Eye For Film >> Movies >> Robin Hood The Rebellion (2018) Film Review
Robin Hood The Rebellion
Reviewed by: Jane Fae
First thoughts on hearing that yet another director – this time Nicholas Winter – has decided to try his hand at a Robin Hood movie?
Why? Just why?
After all, it's not as though it's not been done before. From The Adventures Of Robin Hood, a 1938 swashbuckler with Errol Flynn in the title role, to Robin Hood, 1955, with a slightly less suave Richard Greene taking the lead. Then there's Robin Hood: Prince Of Thieves in 1991 with Kevin Costner, and Robin Hood (2010) with Russell Crowe.
Not forgetting – could one ever? – the Disney cartoon version, pitting a bow-toting Fox against King John's cowardly Lion. Or the somewhat left field, Robin Hood: Men In Tights, directed by Mel Brooks.
Which brings us to 2018 and Robin Hood starring Taron Egerton and...oh, wait. No. That's the other Robin Hood coming out this year. This one is Robin Hood: The Rebellion starring Brian Blessed and....that's about it.
The lead role of Robin is taken by Ben Freeman, previously best known as mechanic Scott Windsor in TV soap Emmerdale. Top billing, however, goes to Martyn Ford, a 320 lbs, 6'8" bodybuilder, playing the part of the Sheriff of Nottingham's outsize enforcer, Brimstone: think Jaws the equally outsize henchman and enforcer in The Spy Who Loved Me – but with all-over tattoos and without any redeeming features of skill or charm.
The plot is simply summarised: “with his true love captured by the villainous Sheriff of Nottingham, the legendary Robin Hood and his crew of outlaws execute a daring rescue to save her”.
Well, for crew of outlaws, read just two: Thomas (Kristian Nairn) and Will Scarlett (James Nunn). Add Maid Marian (Marie Everett) and Much (Charlie Hiett), captured earlier by the evil Sheriff (James Wheatley), who appears to have modelled his character on the Alan Rickman version of same – but with all of the sleaze and none of the wit.
But then, this is low budget medieval grunge. The outlaw camp consists of half a dozen sheets hung from trees in the middle of a wood: the Sheriff's castle is an obvious ruin.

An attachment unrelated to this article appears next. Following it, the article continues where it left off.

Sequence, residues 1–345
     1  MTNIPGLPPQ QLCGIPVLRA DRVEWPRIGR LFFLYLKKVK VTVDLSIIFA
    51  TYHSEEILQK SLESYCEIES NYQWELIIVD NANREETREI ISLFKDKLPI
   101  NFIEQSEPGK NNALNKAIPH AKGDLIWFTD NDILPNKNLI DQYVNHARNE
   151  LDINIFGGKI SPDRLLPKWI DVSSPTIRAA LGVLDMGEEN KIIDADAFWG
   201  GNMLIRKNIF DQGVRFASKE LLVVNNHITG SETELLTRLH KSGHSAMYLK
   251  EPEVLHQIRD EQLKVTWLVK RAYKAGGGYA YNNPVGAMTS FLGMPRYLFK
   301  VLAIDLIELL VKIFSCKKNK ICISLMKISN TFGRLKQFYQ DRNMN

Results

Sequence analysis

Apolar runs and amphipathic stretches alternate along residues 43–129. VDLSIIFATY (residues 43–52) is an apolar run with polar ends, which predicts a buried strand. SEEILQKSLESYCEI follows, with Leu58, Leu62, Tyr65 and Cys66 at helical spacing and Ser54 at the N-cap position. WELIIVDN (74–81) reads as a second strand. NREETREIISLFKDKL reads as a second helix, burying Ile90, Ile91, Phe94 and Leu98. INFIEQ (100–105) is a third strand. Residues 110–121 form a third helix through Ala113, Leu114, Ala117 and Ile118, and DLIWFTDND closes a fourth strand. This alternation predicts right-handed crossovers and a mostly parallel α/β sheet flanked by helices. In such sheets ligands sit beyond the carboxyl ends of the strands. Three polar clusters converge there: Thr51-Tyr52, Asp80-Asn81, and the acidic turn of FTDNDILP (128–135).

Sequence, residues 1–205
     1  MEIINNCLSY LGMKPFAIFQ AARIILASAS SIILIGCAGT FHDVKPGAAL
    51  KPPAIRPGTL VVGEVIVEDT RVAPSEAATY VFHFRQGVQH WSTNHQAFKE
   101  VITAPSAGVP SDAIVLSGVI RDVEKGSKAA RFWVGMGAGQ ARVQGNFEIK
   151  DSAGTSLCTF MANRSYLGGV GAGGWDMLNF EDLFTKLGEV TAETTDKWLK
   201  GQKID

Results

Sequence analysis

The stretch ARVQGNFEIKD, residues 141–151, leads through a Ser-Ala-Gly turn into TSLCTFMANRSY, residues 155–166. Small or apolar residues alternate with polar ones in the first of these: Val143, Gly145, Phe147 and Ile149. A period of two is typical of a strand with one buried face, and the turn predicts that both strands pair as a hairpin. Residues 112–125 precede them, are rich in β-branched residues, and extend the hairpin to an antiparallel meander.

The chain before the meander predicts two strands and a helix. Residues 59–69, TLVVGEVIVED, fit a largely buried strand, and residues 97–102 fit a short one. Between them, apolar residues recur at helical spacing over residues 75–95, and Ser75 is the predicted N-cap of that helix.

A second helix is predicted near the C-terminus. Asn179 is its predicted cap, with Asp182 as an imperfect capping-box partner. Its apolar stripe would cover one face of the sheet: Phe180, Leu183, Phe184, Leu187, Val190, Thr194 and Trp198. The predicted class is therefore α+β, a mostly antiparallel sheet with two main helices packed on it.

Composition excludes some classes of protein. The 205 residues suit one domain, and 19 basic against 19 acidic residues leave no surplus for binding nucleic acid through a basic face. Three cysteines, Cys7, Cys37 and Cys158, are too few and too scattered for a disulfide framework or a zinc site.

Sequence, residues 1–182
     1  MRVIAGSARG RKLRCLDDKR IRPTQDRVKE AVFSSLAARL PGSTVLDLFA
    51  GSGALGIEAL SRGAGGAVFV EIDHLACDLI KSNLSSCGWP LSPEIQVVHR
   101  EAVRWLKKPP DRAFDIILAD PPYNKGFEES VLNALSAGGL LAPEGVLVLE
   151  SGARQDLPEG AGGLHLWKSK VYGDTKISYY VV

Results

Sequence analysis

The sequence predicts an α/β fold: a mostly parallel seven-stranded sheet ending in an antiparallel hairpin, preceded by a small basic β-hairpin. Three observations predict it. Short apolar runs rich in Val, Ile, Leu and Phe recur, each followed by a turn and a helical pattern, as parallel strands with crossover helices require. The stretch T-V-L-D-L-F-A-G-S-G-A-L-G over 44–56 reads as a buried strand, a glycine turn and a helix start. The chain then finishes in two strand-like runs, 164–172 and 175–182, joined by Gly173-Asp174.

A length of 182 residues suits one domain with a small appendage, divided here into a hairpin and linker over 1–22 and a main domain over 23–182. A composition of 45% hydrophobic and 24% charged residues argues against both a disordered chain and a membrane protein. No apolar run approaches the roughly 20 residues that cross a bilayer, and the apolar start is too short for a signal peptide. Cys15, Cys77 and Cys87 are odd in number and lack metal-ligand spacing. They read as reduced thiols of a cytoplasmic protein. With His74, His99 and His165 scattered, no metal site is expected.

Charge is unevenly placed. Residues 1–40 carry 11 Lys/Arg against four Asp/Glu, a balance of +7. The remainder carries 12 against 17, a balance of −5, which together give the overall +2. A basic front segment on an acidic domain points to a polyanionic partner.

Never fear: the director gets round this by smearing the actors in blood and mud, and shooting pretty much every scene by candlelight. The dialogue is clunky and anything but natural. The plot, which takes an inordinate time mulling over the sheer hopelessness of everything, is bleak to depressing. Or as one kitchen maid/scullion takes time out to observe: “there is no peaceful solution to this situation”.
The fight scenes are clunky, consisting mostly of large men whacking blade to blade and grunting a lot before someone – one of the goodies, natch – just manages to get in a fatal blow. There are plot holes so large that an entire huge bearded guy can disappear through them (if you must watch this film, do try to work out what happens to the armoury guard!). And Brian Blessed is thoroughly wasted.
Dramatically, that is.
So the goodies spend most of the film wandering round darkened corridors attempting to rescue one another. Every chance the bad guys get to finish off Robin, they miss. And in the end, all – most – live happily ever after.
Harsh? No. Because the point is: Robin Hood has been done and overdone across the years. So if you must produce a new version, you need a difference. A first rank lead. A chart-topping soundtrack. Something. Anything. Robin Hood the musical! Robin Hood the nudist!
And if you aren't going to make a difference, perhaps you need to ask why you are spending time and money on a mediocre version of a film done so well, so often already.Reviewed on: 31 Oct 2018